The University’s success to providing key benefits to business, society and the economy was recognised earlier this year in the Knowledge Transfer Network, which ranked Exeter in the top 20 per cent of its benchmarked group (large, high-research intensive and broad-discipline universities) in three different categories – research partnerships, local growth and regeneration, and public and community engagement. – and in the top 40 per cent for both research collaborations with business, and for commercial activity.
The skills of the University of Exeter graduates will also have an important role to play in the future success of businesses and sectors during the Covid-19 recovery process.
This includes the highly successful Student Start-Up scheme, which encourage the entrepreneurial ambitions of the University of Exeter’s community, enabling the creation of new, impactful ventures, and the successful Degree Apprenticeship programmes, including the Level 6 Diagnostic Radiographer Degree Apprenticeship is a good success story, which attracted 90 apprentices from 42 NHS employing bodies nationwide.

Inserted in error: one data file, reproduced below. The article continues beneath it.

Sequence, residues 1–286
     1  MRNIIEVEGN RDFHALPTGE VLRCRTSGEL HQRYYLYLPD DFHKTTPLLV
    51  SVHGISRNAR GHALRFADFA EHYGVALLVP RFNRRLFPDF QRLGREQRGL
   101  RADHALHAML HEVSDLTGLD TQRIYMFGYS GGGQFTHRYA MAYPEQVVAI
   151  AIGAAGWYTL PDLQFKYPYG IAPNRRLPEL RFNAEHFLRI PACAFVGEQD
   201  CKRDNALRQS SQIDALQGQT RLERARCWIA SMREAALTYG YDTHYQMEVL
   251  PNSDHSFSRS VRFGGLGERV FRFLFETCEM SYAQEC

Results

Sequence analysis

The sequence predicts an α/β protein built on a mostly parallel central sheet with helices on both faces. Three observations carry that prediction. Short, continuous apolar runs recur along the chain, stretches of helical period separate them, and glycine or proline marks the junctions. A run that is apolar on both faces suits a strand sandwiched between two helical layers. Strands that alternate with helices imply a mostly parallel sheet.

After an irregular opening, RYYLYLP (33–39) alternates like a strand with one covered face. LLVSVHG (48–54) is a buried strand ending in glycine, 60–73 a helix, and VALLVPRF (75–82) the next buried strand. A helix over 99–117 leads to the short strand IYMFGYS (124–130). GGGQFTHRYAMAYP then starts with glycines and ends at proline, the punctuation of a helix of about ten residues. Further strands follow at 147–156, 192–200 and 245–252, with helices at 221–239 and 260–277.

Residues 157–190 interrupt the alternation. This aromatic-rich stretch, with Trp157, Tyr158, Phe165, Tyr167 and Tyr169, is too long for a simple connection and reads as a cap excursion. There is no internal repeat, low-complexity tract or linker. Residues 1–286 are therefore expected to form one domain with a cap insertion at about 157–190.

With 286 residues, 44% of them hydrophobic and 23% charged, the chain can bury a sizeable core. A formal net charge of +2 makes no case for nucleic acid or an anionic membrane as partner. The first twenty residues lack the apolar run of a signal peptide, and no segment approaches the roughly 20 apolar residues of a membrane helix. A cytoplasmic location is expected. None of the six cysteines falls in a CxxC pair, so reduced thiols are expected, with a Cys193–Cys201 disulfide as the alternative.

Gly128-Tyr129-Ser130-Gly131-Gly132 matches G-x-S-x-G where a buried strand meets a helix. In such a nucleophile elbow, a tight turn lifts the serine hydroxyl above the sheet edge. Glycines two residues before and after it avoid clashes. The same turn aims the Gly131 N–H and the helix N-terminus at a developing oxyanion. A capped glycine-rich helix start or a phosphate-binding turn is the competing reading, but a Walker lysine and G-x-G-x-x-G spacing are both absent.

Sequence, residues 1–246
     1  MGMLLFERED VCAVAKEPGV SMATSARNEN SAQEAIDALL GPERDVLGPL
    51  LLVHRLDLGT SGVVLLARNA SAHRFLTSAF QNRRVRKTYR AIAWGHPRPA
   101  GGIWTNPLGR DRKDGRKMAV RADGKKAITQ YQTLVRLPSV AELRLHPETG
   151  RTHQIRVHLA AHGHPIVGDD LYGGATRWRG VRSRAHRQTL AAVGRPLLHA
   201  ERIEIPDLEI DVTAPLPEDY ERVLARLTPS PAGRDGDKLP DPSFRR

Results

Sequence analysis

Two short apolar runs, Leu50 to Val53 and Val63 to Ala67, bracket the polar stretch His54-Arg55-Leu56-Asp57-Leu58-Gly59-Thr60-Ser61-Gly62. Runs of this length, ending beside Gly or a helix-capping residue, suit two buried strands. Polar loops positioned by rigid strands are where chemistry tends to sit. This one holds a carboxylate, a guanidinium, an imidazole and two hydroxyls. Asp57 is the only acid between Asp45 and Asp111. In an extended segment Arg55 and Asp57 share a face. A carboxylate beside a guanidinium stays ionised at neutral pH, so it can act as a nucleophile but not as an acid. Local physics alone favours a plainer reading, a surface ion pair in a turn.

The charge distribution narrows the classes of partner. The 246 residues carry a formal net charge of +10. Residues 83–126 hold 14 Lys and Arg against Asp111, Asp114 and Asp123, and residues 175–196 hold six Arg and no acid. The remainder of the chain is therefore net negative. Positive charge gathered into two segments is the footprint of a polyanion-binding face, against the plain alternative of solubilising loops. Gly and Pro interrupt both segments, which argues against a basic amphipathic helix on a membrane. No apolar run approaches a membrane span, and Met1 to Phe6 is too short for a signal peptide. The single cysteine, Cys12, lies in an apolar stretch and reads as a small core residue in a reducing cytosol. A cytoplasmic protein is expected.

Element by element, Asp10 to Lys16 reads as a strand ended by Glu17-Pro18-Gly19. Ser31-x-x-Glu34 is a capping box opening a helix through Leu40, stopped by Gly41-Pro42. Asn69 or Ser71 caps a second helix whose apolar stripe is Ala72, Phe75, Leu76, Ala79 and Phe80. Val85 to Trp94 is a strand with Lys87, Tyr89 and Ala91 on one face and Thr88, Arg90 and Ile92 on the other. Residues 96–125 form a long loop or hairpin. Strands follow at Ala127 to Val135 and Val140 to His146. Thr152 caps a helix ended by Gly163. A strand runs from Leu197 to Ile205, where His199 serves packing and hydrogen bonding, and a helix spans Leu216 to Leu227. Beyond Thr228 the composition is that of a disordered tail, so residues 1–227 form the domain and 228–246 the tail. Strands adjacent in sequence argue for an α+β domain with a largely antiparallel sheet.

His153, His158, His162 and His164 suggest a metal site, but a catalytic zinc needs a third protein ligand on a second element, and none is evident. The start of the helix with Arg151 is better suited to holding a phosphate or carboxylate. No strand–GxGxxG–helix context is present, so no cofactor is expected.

Professor Lisa Roberts, Vice-Chancellor of the University of Exeter said: “Universities across the South West region are very much open for business and want to develop even closer links with industry and charities. Our students, staff, researchers, and graduates have so much to offer.
“The University of Exeter is at the heart of a thriving research, skills and innovation ecosystem found in the South West, and, at a time when the COVID crisis has had such a detrimental impact on business and local communities, is committed to utilize our research and business expertise to boost the regional economy.
“Our support to the region includes a wide range of different initiatives and partnerships, from the new South West Institute of Technology, the continued success of the SetSquared Exeter initiative, our thriving Student Start-Up scheme, the successful Degree Apprenticeship programmes and the Centre for Social Mobility, amongst others.
“We have also launched our Green Futures Campaign, which identifies how the University is driving action on the environment and climate emergency in partnership with governments, businesses and communities.
“We must now ensure that our local employers and partners are getting the most out of what our universities can provide during this challenging process of recovery.”